Theatre Review: Chitty Chitty Bang Bang - King's Theatre, Glasgow ✭✭✭✭

Review by Sharman Prince

Based on the movie co-written by Roald Dahl from a book by Ian Fleming, Chitty Chitty Bang Bang follows the adventures of eccentric inventor "Caractacus Potts", his children "Jemima" and "Jeremy", and "Truly Scrumptious" as they strive to save and repair the eponymous automobile only to face off against the dastardly "Baron Bomburst", who wants "Chitty" for himself, together with his child-hating wife "Baroness Bomburst", who have kidnapped "Grandpa Potts" and whose kingdom, "Vulgaria", is kept clear of children by the monstrous "Childcatcher".

The production is  surprisingly realised and is bright and vivacious throughout with lively direction by James Brining and amusing choreography by Stephen Mear. The sound design needs some more work and better balancing but the orchestra is sharp and the costume and scenic design by Simon Higlett is charming and witty and amply supported by Simon Wainwright's Video projections which contain some of the most brilliant visuals raising the production's standardbeyond the norm.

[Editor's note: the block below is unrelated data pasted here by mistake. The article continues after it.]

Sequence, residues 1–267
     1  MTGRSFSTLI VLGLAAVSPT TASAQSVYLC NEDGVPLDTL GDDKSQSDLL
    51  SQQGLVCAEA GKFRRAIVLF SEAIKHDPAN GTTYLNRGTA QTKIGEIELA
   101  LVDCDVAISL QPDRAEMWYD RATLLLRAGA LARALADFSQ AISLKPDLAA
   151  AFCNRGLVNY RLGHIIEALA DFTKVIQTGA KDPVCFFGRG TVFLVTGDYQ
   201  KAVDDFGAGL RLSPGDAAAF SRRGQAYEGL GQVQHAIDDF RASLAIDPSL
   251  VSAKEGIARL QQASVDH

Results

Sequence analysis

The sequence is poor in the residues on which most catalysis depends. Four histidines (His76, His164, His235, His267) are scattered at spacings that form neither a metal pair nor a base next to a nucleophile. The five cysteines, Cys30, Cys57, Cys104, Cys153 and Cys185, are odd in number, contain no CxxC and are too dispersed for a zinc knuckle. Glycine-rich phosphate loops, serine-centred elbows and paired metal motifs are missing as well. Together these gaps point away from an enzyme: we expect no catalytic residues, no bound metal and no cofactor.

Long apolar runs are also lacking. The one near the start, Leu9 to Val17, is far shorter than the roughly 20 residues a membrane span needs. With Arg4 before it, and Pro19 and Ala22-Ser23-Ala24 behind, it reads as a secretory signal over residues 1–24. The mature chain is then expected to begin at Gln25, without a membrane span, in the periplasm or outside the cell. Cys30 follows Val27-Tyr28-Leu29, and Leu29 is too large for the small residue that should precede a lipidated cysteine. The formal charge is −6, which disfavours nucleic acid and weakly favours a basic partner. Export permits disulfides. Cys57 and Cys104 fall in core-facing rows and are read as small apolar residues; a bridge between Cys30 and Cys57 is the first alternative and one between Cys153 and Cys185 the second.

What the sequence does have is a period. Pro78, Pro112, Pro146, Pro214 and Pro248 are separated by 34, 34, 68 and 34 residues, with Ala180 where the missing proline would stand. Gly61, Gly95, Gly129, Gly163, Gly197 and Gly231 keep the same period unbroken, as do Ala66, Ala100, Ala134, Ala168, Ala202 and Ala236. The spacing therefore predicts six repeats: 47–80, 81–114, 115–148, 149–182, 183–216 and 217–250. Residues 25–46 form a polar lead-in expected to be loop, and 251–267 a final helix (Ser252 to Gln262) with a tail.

As "Caractacus Potts", Jason Manford proves to be a most amiable, warm and engaging musical performer, radiating confidence in both acting and singing and he is stirringly supported by Charlotte Wakefield as "Truly Scumptious" who lends an air of sophistication to proceedings with a glorious voice to match.  

Andy Hockley as "Grandpa Potts" is suitably dotty and endearing and is a fine example of how well the show is cast (for the most part) although it's unfortunate that Phill Jupitus is remarkably lifeless at times as the "Baron" and appears rather bored when not mugging, making Claire Sweeney's job as the "Baroness" all the more trying. Thankfully she is more than up to the task and manages to keep their onstage scenes alive whilst shining all the more brightly because of it. Her "Bombie Samba" is something of a star turn and she deserves it.

Jos Vantyler's "Childcatcher" truly is the stuff of nightmares and he is gloriously evil in the part and it really is a shame that he is not used more throughout the production (why was he not let loose among the audience in his search for children, for example?).

Sam Harrison and Scott Paige threaten to steal the show as "Boris" and "Goran", respectively, and their double act as the agents of "Vulgaria" is a highlight of the production. 

In any show featuring child actors they always shine brightly and this is true of Elliot Morris who plays "Jeremy" and Darcy Snares who plays "Jemima" and whose engaging personalities and verve are in clear evidence throughout.

It is true that the production has a few flagging moments and could do with some judicious musical trimming in the first act but this new touring version of Chitty Chitty Bang Bang does fly confidently and does so better executed than expected.

Chitty Chitty Bang Bang is at the King's Theatre, Glasgow until Saturday 29th October.